Monday, January 2, 2012

Does Your Coffee Lose Its Flavor on the Trash Can Overnight?

What Did You Crave This Holiday Season?
Could It Be Contained in a Cup?

Petty annoyances in life abound, but one I confront almost every week is the empty trashcan and recycling bins sitting at the edge of the street. We’ve been here a few years, but every week, I feel like I’m telling my son something new: “Bring in the trash can and recycling bins.” He takes the full ones to the street, and for that I am grateful. I will scrub a toilet, clean up dog barf, scoop and change cat litter, scrub floors, and dispense with giant spiders and other uninvited pests, but I loathe going near the trashcan, much less touching it.
I might spy the can and bins outside late Friday after the sanitation workers have ended their day, and unless I remind my son to bring them in, many Saturday mornings I look outside and see the upended can and bins. It looks tacky when the can and the bins remain at the road’s edge, and if irked enough, I fetch them from the street myself, and moments after the deed is done, I race to the sink and scrub my hands.

I do not live in a gated community, or a Stepford neighborhood, but most of the homes are fewer than 10 years old, and most streets have several undeveloped lots. Few roads are paved and for the most part, I don’t see much littering. When I do, I wonder what possesses anyone to whip trash on the ground. From my perspective, even one paper cup, one can, one bottle, one fast-food wrapper is too much. I am too often reminded that not everyone shares my perspective.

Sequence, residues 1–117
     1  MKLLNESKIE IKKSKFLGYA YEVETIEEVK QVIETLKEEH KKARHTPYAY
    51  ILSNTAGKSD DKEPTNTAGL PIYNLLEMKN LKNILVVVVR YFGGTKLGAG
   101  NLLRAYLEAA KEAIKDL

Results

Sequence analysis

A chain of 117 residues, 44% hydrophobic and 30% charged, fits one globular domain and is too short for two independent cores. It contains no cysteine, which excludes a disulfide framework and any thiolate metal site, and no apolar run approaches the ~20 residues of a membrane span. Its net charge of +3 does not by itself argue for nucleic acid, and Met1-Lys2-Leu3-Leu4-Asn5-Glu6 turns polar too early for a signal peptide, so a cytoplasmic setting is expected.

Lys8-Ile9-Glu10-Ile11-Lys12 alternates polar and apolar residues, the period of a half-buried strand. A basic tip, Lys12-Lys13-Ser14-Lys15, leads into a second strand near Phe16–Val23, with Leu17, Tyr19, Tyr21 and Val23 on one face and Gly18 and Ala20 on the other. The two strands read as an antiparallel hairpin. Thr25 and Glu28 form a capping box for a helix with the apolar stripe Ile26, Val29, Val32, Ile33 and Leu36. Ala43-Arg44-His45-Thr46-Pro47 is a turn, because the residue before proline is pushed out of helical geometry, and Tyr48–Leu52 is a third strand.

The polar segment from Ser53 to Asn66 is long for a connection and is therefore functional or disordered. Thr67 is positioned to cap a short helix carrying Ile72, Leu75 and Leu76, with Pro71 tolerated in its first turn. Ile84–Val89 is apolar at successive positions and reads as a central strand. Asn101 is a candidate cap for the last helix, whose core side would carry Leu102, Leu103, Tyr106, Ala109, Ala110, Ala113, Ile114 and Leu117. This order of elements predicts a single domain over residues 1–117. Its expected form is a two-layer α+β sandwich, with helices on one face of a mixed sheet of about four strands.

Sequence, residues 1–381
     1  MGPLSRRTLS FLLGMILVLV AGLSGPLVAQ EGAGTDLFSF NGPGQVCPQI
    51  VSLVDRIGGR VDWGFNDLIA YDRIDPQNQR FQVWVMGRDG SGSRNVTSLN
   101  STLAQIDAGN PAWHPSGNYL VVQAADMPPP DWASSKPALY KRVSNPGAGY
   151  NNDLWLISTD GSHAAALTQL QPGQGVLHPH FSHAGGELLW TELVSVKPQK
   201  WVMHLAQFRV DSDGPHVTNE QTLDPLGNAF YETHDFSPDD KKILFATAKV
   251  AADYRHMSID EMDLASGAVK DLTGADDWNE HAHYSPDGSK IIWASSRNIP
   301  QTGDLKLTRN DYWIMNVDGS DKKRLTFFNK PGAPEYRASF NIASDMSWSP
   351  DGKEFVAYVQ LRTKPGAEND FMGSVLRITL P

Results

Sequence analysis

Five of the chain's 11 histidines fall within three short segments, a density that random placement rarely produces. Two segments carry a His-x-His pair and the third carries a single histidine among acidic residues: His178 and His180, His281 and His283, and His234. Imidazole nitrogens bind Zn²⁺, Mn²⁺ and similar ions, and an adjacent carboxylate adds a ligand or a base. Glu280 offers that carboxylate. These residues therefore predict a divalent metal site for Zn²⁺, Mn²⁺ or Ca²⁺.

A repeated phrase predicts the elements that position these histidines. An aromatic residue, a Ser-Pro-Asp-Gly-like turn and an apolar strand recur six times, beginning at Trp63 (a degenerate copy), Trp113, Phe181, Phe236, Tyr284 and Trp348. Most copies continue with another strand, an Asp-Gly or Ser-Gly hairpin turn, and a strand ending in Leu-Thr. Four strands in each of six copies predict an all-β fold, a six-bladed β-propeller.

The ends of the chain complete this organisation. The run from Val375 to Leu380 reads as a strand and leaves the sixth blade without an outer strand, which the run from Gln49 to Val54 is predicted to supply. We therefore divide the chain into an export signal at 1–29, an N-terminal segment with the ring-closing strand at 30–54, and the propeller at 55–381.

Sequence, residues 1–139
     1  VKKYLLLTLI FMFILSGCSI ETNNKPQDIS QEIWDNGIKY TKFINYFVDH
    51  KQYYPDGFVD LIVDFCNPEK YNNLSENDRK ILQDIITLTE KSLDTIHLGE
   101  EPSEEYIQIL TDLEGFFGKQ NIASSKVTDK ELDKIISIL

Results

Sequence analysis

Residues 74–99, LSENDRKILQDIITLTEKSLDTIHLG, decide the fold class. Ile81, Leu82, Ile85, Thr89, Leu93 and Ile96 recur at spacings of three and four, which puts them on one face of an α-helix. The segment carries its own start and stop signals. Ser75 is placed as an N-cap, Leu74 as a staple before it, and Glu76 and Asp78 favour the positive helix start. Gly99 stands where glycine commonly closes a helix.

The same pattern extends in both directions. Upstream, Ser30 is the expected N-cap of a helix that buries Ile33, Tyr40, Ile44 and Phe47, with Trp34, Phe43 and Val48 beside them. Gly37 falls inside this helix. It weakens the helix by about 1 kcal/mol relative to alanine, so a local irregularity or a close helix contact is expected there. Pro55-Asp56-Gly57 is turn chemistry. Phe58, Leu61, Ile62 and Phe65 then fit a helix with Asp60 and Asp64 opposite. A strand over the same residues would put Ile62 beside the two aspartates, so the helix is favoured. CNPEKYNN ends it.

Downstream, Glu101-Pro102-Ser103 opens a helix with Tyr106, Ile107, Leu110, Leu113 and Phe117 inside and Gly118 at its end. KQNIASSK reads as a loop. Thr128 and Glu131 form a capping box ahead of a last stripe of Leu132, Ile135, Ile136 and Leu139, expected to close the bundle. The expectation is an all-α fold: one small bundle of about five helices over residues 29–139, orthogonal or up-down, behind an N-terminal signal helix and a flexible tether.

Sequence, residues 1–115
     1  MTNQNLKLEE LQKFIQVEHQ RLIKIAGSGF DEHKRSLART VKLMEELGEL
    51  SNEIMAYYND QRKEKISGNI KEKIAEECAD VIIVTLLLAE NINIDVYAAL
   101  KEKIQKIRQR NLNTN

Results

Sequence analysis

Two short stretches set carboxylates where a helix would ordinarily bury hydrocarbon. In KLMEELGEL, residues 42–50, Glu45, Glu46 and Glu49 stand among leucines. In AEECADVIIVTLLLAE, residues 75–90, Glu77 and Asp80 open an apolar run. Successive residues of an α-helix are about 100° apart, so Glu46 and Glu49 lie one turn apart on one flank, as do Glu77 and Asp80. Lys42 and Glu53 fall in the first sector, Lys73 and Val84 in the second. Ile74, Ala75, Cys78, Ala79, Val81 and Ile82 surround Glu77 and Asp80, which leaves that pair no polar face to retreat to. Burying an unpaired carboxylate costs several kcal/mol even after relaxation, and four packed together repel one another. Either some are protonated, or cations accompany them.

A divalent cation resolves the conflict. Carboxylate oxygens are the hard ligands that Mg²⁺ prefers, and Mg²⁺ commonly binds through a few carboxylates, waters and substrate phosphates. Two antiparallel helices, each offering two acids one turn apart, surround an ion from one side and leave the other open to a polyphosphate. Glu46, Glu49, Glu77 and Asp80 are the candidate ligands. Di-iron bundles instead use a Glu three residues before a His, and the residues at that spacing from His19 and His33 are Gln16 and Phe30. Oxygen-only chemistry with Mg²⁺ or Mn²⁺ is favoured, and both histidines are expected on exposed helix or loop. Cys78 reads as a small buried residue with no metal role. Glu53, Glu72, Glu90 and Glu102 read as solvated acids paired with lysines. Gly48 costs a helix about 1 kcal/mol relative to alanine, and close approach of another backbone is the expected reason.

Saturday morning when I stepped outside to walk the dogs, I again for the 80th-something time noted the can and bins at the street. At first, I didn’t notice the ornament on the can’s bottom. As I got closer, I saw its bright red beacon: an empty coffee cup from the world’s largest fast-food vendor.
Most mornings, I’m out before first light to walk the dogs, so whomever left the cup probably did so the night before. It’s dark at night on these roads, but the skies have been clear and the stars bright the last week, so the can, although dark itself, must have been just visible enough to present itself as a place of rest for the refuse.
I cannot claim ever having tasted this particular brand of coffee, nor is it likely that I will at any future date. I also admire the effort of the person who put the cup on the trashcan, rather than toss it to the ground.
I often look for life lessons in what I see around me on a daily basis, and when I consider this cup on the can, I find it funny, clever, and sad in a way—sad because I know that much of what we “crave” during the season just past has so little to do with the cup, what it holds, and what it represents.
I also feel grateful because what I crave during most seasons and the most treasured gifts I receive—time with those I love—goes far beyond this cup and its message.

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